WHERE'S SAINT PATRICK? -- With the rollout of the high-profile planning committee for a new arts magnet middle school, Bill Turque asks: What happened to Patrick Pope, the ex-Hardy Middle School principal who was supposed to be helping? "Asked in an e-mail if Tuesday if Pope was still involved in the middle school project, Rhee said: 'Yes,' with no elaboration. He is scheduled to report to DCPS headquarters on July 1, where he will work under Josh Edelman, Rhee's director of school innovation."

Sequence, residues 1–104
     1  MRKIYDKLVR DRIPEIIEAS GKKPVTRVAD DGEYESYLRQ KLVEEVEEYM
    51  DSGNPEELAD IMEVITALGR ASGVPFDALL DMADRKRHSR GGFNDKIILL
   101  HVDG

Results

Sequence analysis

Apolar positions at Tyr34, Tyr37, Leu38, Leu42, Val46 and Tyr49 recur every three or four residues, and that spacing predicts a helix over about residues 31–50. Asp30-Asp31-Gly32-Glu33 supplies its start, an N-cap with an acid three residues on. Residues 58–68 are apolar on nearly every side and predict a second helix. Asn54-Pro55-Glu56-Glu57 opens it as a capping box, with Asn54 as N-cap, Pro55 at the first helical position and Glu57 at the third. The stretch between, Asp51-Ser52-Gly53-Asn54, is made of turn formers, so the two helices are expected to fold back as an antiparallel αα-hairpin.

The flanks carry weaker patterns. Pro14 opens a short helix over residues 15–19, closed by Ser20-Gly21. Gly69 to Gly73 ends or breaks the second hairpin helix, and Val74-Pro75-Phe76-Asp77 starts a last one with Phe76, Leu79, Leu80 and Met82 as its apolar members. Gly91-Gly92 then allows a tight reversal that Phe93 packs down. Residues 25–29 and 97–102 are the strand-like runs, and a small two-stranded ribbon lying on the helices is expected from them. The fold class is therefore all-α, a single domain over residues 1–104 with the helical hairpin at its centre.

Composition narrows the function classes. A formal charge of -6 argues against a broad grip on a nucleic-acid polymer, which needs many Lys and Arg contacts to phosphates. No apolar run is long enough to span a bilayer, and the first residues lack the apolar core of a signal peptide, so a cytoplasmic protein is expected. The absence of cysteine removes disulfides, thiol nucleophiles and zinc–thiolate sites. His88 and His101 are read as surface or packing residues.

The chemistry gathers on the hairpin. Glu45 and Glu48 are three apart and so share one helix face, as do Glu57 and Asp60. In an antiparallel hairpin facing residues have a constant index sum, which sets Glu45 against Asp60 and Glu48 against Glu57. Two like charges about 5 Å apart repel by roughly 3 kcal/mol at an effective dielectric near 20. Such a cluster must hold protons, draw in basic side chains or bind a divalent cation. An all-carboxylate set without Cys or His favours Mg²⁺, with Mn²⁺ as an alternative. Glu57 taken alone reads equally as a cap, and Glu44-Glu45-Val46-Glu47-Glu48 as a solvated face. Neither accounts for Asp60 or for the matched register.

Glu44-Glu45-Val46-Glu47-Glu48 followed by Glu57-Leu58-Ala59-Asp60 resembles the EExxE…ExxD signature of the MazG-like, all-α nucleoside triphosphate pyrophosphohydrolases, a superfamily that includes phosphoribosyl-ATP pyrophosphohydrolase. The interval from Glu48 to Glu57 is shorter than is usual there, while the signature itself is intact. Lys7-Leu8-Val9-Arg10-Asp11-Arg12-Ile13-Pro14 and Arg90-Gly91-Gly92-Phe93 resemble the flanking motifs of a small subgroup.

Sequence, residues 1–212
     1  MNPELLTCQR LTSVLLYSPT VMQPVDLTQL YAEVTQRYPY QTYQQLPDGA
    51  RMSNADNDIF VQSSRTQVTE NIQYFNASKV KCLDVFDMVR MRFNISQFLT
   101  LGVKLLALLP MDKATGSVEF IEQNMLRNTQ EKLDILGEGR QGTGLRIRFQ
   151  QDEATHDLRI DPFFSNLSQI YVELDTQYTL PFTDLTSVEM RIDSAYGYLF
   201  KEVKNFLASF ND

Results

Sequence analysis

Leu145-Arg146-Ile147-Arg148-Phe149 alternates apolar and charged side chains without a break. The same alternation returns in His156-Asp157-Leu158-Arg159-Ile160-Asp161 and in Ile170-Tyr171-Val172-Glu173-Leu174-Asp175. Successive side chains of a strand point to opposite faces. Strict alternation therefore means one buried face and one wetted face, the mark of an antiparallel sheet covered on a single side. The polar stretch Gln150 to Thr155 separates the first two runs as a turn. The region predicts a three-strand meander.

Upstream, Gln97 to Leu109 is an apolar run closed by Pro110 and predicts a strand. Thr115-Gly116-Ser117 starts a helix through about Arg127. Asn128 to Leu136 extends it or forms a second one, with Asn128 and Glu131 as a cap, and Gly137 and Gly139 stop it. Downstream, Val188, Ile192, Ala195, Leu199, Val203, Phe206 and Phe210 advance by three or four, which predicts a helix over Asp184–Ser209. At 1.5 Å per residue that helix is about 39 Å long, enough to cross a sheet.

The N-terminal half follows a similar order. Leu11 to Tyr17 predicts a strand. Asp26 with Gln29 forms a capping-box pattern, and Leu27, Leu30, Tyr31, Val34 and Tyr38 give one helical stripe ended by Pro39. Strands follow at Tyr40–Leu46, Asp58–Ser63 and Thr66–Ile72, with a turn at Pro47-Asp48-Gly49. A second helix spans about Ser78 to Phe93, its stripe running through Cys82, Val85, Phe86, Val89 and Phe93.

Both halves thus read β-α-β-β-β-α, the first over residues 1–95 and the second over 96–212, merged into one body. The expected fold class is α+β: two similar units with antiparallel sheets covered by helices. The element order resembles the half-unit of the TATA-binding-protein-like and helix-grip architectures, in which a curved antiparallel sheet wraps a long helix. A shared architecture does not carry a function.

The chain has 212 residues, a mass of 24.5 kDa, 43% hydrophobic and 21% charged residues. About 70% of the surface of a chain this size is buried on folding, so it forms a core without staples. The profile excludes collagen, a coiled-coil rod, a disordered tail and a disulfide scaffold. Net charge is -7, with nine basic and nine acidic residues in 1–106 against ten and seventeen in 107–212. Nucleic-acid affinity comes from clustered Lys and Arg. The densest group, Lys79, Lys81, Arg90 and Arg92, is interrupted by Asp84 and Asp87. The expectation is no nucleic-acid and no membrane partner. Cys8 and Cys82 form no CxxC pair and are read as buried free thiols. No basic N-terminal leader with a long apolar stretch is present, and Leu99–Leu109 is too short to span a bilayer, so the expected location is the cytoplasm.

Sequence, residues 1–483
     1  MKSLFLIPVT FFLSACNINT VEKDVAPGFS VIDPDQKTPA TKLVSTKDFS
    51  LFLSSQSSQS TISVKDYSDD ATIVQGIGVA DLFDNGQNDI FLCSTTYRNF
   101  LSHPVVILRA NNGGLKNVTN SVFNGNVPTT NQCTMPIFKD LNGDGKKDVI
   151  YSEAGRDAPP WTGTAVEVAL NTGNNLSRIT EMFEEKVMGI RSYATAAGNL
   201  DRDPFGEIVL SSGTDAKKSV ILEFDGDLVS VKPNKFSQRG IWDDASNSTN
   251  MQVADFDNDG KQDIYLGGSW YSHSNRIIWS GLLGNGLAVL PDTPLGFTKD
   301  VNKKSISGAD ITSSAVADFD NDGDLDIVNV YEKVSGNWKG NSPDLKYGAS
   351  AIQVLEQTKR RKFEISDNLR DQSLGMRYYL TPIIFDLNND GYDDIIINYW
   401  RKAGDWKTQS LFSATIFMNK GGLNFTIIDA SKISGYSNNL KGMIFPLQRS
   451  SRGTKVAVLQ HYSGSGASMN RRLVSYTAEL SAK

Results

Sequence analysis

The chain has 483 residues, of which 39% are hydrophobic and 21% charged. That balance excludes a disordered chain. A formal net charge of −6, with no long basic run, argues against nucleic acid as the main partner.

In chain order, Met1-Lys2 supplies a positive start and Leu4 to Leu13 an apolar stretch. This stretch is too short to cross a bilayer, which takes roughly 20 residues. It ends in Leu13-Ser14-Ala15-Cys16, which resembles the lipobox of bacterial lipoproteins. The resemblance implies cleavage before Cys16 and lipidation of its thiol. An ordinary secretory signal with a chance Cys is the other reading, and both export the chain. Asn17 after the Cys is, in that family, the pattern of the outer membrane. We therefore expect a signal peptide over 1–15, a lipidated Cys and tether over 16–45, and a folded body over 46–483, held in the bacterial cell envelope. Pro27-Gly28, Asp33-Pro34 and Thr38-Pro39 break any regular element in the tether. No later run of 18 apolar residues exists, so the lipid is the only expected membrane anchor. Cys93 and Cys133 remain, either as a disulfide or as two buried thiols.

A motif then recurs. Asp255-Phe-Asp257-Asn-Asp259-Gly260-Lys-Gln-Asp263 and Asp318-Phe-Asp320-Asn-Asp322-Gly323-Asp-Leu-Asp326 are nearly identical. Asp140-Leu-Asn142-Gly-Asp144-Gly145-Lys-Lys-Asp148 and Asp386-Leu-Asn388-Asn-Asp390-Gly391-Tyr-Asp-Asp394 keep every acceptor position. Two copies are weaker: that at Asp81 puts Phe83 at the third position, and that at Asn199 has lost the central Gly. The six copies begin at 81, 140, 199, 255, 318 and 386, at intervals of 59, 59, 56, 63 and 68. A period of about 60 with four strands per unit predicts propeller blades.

THIRD WHEELS -- More from Wednesday night's Alpha Kappa Alpha candidates forum, from Tim Craig at D.C. Wire: "In a risky strategy for a top-tier candidate, Gray got bogged down during part of the debate in a squabble with former television reporter Leo Alexander. Alexander, who has been struggling to gain attention in what so far appears to be a two-man race, went on the offensive against Gray, accusing him of being as much to blame as Fenty for the city's problems. ... Alexander specifically challenged Gray for not doing more to prevent [Rhee] from laying off 266 teachers last year. ... While Alexander aligns with Fenty in attacking Gray, candidate Sulaimon Brown often defends the chairman. ... 'I say this at every event, if you can't vote for Brown, then vote for any color, Brown, Gray, but please don't vote for Fenty,' said Brown, pointing at the mayor."